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Preparing for the unexpected

type
Article
author
By Institute of Directors
date
14 Feb 2020
Blue pattern

This year has started with a number of critical events and crises - notably the Australian bushfires and the emergence of the novel coronavirus, COVID-19. (See just published Coronavirus: Information for businesses).

With devastating effects to people, organisations and communities, these unforeseen events create uncertainty and disruption in an already challenging operating environment for boards. They also provide a timely reminder to the governance community that it is critical for boards to ensure their organisations are prepared for the unexpected.

When faced with critical events and crises, board leadership is vital – both in preparing for the unexpected and supporting management in responding to and recovering from a crisis. The board is responsible for ensuring management has developed and implemented appropriate crisis management plans and monitoring these plans over time.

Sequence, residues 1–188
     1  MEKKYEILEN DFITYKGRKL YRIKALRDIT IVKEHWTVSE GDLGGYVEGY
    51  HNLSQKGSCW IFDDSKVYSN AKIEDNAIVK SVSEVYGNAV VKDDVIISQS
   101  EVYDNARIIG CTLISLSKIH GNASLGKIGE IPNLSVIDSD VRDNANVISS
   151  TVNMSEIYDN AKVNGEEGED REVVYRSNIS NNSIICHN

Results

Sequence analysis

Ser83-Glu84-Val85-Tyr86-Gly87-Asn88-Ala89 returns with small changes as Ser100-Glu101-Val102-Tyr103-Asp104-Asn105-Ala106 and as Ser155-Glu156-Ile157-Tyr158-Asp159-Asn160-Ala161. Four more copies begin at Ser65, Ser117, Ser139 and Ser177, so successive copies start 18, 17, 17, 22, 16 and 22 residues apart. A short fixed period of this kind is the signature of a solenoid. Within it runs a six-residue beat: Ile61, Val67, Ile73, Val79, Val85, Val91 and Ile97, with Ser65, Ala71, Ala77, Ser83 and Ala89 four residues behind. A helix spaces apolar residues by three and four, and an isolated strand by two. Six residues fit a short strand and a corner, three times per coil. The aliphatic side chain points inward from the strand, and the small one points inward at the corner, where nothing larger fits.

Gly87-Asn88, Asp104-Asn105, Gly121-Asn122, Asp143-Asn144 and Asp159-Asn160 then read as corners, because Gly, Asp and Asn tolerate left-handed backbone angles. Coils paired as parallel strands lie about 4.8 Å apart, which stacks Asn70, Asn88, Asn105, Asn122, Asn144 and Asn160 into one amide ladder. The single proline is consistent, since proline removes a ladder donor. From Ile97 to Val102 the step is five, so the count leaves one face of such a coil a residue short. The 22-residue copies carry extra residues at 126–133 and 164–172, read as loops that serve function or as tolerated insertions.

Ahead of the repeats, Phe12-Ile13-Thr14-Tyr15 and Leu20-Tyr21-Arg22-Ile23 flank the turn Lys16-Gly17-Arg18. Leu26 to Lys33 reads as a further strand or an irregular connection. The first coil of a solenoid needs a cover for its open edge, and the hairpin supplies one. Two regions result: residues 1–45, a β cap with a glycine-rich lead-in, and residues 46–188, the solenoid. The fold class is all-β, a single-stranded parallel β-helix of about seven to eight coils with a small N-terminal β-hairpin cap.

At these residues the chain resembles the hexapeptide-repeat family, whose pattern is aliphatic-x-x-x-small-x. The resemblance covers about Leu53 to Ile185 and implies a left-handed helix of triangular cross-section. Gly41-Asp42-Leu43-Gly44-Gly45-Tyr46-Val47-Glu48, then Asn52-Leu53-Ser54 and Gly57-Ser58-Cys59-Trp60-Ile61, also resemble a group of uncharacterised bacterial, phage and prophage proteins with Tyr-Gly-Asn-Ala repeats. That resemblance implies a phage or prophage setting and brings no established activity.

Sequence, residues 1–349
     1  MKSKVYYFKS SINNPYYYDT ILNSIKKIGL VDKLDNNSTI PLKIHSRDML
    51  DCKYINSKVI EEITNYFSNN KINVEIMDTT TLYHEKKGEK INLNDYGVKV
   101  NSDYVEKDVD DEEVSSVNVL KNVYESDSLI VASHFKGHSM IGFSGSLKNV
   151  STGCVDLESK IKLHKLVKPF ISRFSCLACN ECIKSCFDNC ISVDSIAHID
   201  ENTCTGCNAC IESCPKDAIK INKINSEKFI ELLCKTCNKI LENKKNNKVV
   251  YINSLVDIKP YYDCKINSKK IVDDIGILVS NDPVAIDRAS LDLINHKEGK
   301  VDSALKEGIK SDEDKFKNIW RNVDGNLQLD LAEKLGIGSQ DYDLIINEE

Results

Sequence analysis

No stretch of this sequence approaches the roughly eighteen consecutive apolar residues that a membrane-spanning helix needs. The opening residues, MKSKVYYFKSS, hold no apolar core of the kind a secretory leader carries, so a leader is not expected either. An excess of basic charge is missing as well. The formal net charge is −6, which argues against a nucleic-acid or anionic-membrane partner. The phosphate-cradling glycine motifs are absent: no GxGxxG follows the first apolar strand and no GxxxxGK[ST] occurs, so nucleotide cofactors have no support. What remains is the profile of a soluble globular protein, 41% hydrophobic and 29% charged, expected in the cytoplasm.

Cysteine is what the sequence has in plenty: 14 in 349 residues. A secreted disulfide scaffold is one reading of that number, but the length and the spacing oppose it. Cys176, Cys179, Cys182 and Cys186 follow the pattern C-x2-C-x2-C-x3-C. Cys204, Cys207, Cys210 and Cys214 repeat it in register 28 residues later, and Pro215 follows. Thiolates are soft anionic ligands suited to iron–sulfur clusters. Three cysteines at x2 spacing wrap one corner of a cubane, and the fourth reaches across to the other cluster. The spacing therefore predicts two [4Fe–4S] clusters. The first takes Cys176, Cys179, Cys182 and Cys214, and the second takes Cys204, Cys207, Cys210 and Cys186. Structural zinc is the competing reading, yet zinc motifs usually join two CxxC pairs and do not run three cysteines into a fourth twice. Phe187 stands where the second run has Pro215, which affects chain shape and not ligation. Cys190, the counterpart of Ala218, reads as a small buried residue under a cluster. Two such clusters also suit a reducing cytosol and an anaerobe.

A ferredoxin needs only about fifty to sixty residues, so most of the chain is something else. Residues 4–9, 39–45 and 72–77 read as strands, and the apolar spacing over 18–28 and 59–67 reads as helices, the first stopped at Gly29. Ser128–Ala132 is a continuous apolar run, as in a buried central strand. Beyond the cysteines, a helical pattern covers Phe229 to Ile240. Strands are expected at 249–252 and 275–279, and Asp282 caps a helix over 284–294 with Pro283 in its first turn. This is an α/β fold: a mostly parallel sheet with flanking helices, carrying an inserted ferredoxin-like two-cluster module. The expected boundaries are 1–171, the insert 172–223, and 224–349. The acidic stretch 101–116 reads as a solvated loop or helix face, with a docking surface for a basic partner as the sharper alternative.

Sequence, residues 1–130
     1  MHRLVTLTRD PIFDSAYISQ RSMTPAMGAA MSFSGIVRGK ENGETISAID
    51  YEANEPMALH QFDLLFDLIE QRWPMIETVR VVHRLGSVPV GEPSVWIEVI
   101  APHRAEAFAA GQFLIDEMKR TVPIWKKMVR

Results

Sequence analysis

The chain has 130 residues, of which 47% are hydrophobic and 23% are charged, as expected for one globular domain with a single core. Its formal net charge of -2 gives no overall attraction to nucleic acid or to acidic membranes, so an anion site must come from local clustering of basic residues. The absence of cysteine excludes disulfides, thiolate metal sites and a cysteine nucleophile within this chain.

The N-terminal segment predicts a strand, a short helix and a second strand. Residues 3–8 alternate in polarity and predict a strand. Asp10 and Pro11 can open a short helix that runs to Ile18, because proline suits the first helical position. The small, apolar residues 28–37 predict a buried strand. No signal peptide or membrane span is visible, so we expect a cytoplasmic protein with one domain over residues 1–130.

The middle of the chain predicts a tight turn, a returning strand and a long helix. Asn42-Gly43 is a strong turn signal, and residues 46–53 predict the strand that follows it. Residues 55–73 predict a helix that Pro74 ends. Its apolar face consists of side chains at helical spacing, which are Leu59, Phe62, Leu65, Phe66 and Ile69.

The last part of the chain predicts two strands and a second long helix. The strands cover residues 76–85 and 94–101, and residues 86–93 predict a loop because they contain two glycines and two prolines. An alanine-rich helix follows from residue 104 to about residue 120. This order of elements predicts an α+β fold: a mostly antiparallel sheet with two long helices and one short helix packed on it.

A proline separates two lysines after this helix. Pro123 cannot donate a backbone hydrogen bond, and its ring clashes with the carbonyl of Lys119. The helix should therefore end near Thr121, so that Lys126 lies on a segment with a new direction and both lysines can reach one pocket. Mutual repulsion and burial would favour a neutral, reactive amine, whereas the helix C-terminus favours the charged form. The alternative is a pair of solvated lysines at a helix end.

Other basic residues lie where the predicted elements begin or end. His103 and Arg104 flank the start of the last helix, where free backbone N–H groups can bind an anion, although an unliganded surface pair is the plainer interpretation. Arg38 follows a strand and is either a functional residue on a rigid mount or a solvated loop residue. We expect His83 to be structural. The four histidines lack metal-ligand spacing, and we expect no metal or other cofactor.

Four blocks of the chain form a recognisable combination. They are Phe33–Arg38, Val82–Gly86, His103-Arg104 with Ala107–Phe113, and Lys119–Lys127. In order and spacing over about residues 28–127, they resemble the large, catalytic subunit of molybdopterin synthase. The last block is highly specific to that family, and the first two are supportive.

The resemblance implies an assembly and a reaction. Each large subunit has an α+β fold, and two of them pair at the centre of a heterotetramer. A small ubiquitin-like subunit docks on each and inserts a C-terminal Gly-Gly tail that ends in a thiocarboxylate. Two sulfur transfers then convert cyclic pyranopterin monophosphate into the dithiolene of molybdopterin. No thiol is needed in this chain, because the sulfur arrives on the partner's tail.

However, the results of the 2019 Director Sentiment Survey showed that just 65% of boards had discussed crisis management plans in their organisation in the last 12 months, suggesting that crisis management needs more attention in our boardrooms.

Some key questions for boards:
  • Does the organisation have a crisis management plan?
  • Does it include a robust communications plan with staff and key stakeholders?
  • Does it ensure access to critical resources (operational, financial, human and technological resources)?
  • Does it deal with the organisation’s key risks and vulnerabilities?
  • Does it address health and safety, eg of staff working remotely?
  • What are the roles and responsibilities of the board and management in crises?
  • Is the board and executive team ready/capable to deal with a crisis?
  • Is an independent review of the crisis plan needed?
Resources for boards on crisis readiness:

The Four Pillars of Governance Best Practice provides guidance on:

Other useful resources:

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